Finding liberation in strategic planning by Carl Sylvestre

In reviewing the outcome of a recent campaign, a team raised the following question, “what if we had done this instead, what would have been the outcome?” Of course we will never know, the road we didn’t take doesn’t add up to anything. It never happened.  What we can control is the present and to think about the road ahead. These options are at the heart of strategic planning and if the process is approached within the right frame, it opens new doors and it can be a liberating experience for all involved.

Strategic planning is about looking at choices and the trade-offs that we anticipate. To some this is fun, but for others it is fought with tension.  For a period of time, a team is faced with the actions and recommendations that can have a tremendous impact on their lives and that of their customers.  That comes with great responsibilities.  Within that framework strategic planning is viewed as a straight jacket that monitors and locks in place our movements.  For example, if we decide that this marketing strategy is built the foundation of the X-axis, then the Y-axis goes further apart and their intersections should never meet.  These are big decisions that are often seemed to be avoided at all cost and reduces the value of strategic planning. We can’t see the future why develop long-range plans based on assumptions when the real challenge is living in the moment.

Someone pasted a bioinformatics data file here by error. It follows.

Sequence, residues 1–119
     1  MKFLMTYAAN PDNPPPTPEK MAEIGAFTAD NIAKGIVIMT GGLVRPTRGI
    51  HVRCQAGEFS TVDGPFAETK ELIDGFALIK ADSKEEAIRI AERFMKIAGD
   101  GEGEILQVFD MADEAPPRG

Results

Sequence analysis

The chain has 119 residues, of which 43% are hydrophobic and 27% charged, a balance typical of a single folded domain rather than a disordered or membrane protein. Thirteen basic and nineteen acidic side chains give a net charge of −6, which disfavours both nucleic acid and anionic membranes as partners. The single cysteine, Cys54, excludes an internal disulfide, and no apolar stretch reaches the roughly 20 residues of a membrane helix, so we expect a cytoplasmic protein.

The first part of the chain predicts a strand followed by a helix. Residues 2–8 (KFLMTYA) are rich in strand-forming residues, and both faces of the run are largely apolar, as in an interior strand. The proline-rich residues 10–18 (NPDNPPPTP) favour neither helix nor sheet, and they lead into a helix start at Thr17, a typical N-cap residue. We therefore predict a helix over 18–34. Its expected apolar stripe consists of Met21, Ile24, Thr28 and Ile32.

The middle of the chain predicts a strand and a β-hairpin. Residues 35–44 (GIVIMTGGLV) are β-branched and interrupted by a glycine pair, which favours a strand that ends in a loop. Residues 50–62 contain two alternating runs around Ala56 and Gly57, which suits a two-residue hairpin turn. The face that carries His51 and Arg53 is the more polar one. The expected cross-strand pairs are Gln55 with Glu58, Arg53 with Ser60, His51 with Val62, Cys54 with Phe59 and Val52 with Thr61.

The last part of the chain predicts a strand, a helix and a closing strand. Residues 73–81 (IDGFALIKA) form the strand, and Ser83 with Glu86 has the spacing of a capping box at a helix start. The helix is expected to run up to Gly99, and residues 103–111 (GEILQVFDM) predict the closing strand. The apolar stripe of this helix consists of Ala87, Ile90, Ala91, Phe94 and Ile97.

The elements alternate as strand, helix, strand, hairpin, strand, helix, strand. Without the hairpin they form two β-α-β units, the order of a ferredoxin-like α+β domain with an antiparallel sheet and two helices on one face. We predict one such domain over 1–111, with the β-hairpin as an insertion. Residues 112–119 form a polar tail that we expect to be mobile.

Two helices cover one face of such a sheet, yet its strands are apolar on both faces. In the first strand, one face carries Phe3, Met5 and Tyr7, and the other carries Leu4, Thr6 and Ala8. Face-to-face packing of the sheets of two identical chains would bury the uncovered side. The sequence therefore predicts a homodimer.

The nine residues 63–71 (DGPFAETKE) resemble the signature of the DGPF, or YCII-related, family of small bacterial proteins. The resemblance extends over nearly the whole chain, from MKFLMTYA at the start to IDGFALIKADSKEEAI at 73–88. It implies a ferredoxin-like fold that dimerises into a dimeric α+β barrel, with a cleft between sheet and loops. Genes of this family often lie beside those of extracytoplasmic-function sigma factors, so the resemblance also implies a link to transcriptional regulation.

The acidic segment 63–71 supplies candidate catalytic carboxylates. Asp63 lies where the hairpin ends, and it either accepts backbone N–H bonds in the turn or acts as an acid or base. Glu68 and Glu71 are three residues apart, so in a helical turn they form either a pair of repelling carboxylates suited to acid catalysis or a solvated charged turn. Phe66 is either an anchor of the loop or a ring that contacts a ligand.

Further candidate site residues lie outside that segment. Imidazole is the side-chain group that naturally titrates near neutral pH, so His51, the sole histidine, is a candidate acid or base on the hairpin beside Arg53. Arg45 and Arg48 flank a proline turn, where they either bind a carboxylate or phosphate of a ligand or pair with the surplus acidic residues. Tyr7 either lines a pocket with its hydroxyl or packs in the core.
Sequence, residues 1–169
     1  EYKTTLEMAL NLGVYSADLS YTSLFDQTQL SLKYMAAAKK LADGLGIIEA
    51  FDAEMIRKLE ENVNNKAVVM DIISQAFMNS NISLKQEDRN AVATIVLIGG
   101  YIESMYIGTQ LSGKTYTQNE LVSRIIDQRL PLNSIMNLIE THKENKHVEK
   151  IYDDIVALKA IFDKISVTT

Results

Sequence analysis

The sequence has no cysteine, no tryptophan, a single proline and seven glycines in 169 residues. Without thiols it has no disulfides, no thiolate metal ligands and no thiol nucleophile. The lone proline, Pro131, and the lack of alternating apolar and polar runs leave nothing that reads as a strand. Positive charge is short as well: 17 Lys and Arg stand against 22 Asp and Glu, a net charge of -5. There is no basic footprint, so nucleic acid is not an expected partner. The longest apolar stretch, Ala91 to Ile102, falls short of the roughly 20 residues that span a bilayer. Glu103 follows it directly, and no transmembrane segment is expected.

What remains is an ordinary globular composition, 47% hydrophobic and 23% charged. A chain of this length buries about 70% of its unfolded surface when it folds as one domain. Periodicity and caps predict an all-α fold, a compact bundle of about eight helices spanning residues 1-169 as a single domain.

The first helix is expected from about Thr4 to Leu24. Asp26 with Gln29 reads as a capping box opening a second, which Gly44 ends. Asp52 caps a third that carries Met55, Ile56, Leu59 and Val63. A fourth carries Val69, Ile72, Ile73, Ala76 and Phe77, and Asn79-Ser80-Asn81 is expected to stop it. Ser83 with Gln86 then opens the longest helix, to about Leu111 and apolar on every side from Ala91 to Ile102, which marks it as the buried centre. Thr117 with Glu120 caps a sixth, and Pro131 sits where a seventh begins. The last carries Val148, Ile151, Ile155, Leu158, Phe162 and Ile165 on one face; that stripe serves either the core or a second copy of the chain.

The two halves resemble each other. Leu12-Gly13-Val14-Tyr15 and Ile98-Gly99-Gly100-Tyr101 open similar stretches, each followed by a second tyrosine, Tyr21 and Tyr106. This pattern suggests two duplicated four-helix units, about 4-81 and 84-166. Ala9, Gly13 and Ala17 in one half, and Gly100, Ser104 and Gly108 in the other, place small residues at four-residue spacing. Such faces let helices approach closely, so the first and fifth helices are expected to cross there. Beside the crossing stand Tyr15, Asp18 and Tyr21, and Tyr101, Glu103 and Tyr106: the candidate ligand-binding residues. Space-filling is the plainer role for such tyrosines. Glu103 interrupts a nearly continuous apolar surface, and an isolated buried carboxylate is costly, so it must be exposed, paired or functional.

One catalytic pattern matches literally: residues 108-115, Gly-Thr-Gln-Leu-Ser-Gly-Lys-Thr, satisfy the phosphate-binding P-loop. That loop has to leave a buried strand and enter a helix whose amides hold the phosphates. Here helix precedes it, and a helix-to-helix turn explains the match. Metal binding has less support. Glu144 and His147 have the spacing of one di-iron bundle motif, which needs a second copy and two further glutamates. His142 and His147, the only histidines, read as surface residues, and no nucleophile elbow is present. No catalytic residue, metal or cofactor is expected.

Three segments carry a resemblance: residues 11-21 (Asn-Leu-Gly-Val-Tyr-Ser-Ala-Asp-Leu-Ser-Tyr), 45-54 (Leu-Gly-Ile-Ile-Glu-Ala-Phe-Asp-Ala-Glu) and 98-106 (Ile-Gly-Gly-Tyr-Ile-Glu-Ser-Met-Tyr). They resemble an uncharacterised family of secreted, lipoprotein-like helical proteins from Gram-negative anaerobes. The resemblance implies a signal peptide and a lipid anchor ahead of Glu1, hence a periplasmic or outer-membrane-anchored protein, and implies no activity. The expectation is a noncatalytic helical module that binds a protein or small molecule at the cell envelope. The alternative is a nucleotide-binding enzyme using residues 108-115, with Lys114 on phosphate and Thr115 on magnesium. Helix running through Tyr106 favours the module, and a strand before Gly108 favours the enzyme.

Yet, if strategic planning is viewed as creating new roads to alter the challenges of the present then it becomes a liberating tool.  It is by looking at our options that we open up and start imagining that there has got to be a better way to build this mousetrap.  What is often missing in strategic planning is the dare to put the big vision on the table and start thinking of all the options beyond the textbook scenarios.  There will never be one path to achieve a goal, but one that has to be tested time and time again.

Strategies do not stay the same.  A good strategy must recognize that the external environment will have surprises and the one thing that remains constant is our vision.  Who would have thought only a few years ago that a major section of our marketing plan would be devoted to social media? However, the vision remains to find ways to enhance the interaction with our customers.

Good strategy means that we have to plan to adapt. Our challenge is to have the courage to build that into our planning scenario for the future.  Thus, as we monitor the plan we are open to new possibilities rather than being paralyzed by them. If we approach strategy as taking control of our future, then it is a liberating entry point to get everyone engaged in this process. The questions will not be about the road we didn’t take, but rather on the new road that we built.